While the cruise lines have moved ships to further reaches of the world, there has also been a concerted effort by them to attract the local populations in those areas. The Europeans are a fast growing segment of the cruise industry, as are the populations from China, Australia, and even South America.

  Where their choices to cruise closer to home were quite limited, today they have more variety in cruise lines sailing close to their homes than sail the Caribbean waters at certain times of year. For example,  more major cruise lines moving ships to Australia, and ships homeporting in Dubai. It’s no longer just ships sailing around the globe. It is a true globalization of the cruise industry. It also holds true that the ” cruise travelers” demographic meshes well with the locals boarding the ships in these distant areas, as they appreciate the oppurtunity to experience the different cultures blend together onboard.

Taking the traveler personality a step  further are the adventure/explorer cruise lines. These sailings are on smaller ships (in some cases less than 100 passengers) which venture into waters larger ships simply cannot go. They specialize in providing passengers with very up close, intimate experiences with the nature and wildlife of the areas they visit, such as Antartica and the less traveled inlets of Alaska. These lines are more attractive to those who might normally fit in the “world traveler” category, as in many cases they will take those passengers to areas and sights which are almost unreachable by land. They will also attract a mix of the “cruise travelers” who are willing to give up a few of the creature comforts of standard cruise ships to step into a more adventurous experience.

Currently the most “IN” category in cruising is River Cruising. Though River Cruisiing has been around for some time, the recent surge by River Cruise companies to add many more new ships to their fleets is working effectively to draw more interest.  They’ve been adding many modern amentities more familiar to those who have to this point experienced more typical cruising. Their main attraction is they travel slowly down rivers, allowing passengers to view places they would never visit on larger cruise ships. They also generally dock in the center of towns and cities they visit, and include tours of the areas in their fares. While I don’t believe they presently have much attraction for first time cruisers, they are certainly drawing “cruise travelers” who are interested in a more personal experience of the cultures within the areas they can access by river cruise, as well as the “world travelers”, giving them ease of access which would be much more limited by land travel.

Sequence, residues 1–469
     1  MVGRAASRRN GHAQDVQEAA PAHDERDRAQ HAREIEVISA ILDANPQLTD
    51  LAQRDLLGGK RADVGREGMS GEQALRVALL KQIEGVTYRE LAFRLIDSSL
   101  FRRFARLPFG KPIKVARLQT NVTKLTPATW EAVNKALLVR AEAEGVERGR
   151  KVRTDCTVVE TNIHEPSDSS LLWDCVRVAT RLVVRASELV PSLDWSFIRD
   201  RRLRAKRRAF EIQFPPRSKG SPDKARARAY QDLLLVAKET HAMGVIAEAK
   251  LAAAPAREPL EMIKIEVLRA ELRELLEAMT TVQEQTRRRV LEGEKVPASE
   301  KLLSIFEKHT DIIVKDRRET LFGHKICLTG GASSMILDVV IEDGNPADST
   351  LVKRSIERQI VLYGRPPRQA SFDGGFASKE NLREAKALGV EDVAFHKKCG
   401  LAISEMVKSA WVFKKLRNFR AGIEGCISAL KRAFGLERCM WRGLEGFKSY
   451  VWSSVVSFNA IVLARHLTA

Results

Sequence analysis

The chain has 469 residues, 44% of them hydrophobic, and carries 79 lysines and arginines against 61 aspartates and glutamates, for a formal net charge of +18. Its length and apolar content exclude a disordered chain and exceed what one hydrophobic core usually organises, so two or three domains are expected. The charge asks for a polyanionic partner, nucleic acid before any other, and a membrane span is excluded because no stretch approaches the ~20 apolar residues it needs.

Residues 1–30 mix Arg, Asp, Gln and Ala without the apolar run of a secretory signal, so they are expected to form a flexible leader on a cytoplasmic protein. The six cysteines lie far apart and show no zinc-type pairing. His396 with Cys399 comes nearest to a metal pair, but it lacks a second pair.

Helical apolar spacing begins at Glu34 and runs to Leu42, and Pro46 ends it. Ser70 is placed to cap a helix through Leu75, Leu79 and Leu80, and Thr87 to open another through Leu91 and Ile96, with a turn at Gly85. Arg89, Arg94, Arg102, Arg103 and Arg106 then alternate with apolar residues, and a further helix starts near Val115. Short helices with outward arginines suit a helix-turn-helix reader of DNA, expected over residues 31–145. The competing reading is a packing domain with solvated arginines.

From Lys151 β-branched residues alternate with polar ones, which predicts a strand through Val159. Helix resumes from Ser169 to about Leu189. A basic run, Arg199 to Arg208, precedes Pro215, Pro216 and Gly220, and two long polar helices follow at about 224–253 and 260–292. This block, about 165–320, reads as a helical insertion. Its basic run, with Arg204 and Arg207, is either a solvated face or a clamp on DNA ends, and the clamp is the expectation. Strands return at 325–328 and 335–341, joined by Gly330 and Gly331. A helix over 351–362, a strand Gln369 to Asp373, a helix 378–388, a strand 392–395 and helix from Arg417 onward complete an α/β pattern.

Certainly all of these cruise personalities, combined with a few even more niche cruise alternatives, such as sailing ships, and barge cruising have expanded the selection and choices to enable you to match your personality with the personality of the cruise.

– A View From the Kuki Side of Cruising –

Posted: September 16th, 2014 under Kuki.
Comments: none

Why Teens Should Cruise

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A few weeks ago I wrote about why seniors should cruise. Clearly, being a senior I am much more familiar with that situation than I am teens.

But, honestly I was a teen once. And when my sons were teens, I know they loved cruising, and I think I may know why.

#1 – The very best thing about cruising when you are a teenager is someone else is paying. Whether it is your parents, or grandparents who are paying, it’s not really any more relevant to you than most anything they say to you when you’re that age.